Interview with Cairo based urban designer Mohamed El-Sharkawy, on space design in Cairo City
There is a field called Space Psychology, a brand of psychology concerned with defining how the human brain adjusts to it's environment. Paul Keedwell said in his book, Headspace: The Psychology of City Living "We can all become architectural psychologists, and in so doing, lead a more contented city life." - Paul's book offers a lot of insight on how our homes, streets and public buildings arrangement matter, It's not about aesthetic design but about how it relates to inhabitants mental health, prioritising the mind aspect. When we walk in the city we get a myriad of impressions - smells, sounds, how other people behave and how the buildings look like and so on. All of these impressions influence where we decide to go, how we move our bodies. If there is no nurturing and no maintenance, the communal spaces becomes neglected. In turn, the people will feel neglected. If the government generates the impression that society cares little about you, you will care little for society. If the architecture of the city feels lifeless, faceless, hopeless, joyless, mean-spirited, the only message it sends to the citizens is that life is a prison. In addition to the craze of modern life which can be very overwhelming, the messy social and economic realities we are bombarded with, thousands of different influences on tastes and preferences. All of these elements are very demanding on our attention, our brain can feel under attack from all directions which can cause fatigue or anxiety.

Much of the time, Cairo feels like a force of antagonism that we need to endure. Epictetus, a greek stoic philosopher proposed thinking of one's life as an actor in a play. You do not choose your role, or the place you will perform and you have no say in how anything that happens. Your only task is to just play the role you find yourself in as best as you can. If we were to entertain Epictetus's proposal and thought of Cairo as a stage, its narrative would be almost incomprehensible. It's too diverse, no one knows what is the narrative. No matter how much we draw lines, divide the city into sections, establish boundaries, break it down into pieces. The city is a play within a play within a play, it's a labyrinth of consciousness. The city is a creature, an organism with a personality that we build a relationship with, we need to understand it, analyze it and if we could, try to fix it.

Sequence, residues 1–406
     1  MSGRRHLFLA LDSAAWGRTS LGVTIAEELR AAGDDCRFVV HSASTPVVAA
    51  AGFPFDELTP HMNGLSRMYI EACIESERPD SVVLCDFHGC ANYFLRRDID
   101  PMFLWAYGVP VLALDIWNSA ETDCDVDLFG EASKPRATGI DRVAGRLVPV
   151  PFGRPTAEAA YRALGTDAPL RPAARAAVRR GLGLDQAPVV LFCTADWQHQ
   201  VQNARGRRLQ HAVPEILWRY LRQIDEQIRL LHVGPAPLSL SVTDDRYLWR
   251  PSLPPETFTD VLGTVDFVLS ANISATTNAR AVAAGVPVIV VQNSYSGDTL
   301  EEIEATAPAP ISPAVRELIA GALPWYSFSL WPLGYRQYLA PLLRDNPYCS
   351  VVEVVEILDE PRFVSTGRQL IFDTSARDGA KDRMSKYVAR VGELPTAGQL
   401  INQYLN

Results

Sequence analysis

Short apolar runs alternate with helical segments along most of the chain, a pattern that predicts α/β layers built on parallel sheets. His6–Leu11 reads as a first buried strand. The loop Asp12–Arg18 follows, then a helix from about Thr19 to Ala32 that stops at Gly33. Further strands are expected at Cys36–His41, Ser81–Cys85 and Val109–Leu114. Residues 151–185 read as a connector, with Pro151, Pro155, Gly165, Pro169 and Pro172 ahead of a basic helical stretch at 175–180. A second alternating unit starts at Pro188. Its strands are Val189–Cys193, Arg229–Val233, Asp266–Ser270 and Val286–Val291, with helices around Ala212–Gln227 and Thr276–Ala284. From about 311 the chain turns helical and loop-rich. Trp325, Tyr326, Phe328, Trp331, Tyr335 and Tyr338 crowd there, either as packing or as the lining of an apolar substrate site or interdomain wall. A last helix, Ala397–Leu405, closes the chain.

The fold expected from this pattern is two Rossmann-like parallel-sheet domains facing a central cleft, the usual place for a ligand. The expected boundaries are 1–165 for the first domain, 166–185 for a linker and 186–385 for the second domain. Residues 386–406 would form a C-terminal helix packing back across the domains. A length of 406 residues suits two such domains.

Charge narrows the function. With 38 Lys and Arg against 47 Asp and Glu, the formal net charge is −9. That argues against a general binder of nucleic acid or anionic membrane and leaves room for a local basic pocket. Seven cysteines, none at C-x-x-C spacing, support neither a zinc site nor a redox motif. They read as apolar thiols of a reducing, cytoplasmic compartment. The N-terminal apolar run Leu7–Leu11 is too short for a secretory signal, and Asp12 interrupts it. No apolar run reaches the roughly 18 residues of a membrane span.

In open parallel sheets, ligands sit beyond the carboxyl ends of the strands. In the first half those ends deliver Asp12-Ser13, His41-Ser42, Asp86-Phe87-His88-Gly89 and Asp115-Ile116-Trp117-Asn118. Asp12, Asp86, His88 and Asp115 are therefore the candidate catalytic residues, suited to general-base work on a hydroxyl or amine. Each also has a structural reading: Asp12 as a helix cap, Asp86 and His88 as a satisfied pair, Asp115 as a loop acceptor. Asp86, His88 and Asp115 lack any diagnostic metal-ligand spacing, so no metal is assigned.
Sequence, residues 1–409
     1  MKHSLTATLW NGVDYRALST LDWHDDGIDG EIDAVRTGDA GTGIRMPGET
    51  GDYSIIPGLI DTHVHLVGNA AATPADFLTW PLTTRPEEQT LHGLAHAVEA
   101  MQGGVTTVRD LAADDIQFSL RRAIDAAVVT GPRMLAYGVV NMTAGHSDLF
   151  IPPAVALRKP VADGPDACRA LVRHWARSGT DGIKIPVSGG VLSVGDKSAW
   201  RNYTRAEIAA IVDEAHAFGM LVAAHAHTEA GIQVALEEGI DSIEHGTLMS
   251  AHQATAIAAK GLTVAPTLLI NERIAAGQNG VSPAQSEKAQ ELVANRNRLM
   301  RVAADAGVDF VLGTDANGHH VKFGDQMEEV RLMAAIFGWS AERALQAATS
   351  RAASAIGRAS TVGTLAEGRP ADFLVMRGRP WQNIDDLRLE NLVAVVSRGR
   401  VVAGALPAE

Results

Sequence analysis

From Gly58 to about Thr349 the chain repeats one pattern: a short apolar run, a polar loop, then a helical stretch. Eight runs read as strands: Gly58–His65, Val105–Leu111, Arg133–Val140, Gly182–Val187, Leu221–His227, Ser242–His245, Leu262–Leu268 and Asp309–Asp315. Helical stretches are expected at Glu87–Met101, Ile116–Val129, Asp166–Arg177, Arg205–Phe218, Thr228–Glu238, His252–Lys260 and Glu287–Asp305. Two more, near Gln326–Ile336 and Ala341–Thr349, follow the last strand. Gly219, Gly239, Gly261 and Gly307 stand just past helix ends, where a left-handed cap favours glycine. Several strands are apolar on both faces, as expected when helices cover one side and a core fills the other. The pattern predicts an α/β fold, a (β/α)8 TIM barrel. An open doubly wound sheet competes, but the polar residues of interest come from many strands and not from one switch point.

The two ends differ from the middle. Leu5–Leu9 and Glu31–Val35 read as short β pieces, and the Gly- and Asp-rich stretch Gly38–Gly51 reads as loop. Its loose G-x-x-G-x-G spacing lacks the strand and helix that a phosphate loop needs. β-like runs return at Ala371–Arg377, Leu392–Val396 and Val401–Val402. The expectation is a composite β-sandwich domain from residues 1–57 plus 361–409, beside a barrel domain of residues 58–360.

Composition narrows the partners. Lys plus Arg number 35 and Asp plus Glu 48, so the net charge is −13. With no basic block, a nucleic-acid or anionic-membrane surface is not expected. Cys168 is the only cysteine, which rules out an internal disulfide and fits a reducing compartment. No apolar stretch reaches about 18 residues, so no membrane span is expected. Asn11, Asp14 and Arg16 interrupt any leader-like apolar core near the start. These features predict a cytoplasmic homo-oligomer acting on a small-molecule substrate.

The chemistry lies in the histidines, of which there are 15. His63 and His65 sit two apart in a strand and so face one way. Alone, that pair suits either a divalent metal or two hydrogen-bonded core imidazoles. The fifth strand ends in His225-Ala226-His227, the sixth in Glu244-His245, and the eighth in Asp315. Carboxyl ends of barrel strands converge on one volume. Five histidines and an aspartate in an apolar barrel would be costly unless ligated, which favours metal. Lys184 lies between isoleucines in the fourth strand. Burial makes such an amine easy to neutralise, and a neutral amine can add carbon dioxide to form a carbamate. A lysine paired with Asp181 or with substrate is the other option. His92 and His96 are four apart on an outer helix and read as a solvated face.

To further explore this topic, I have constructed an interview with Cairo based Urban designer, Mohamed El Sharkawy. An academic researcher whose focus rotates around Cairo's urban transformations that occurred in the past couple of years and the impact it left on it's inhabitants. He explains how Cairo doesn't give its inhabitants a sense of belonging to the city and a better quality of life, instead the city is only becoming a vessel for investments in favor of corporate elites. The more it transforms the more it loses its identity, creating a sense of monotony between districts and cultures. The result of this expansion strategy led to the disruption and division of the urban fabric and further disconnecting it's inhabitants, increasing the gap between the classes of society and creating corrupted patches between the old and the new. Mohamed says, "Cairo's expansion is a way for Cairo to run away from it's old self, escaping the undesirable qualities of the old city and starting from scratch"

you can watch the full interview on youtube.
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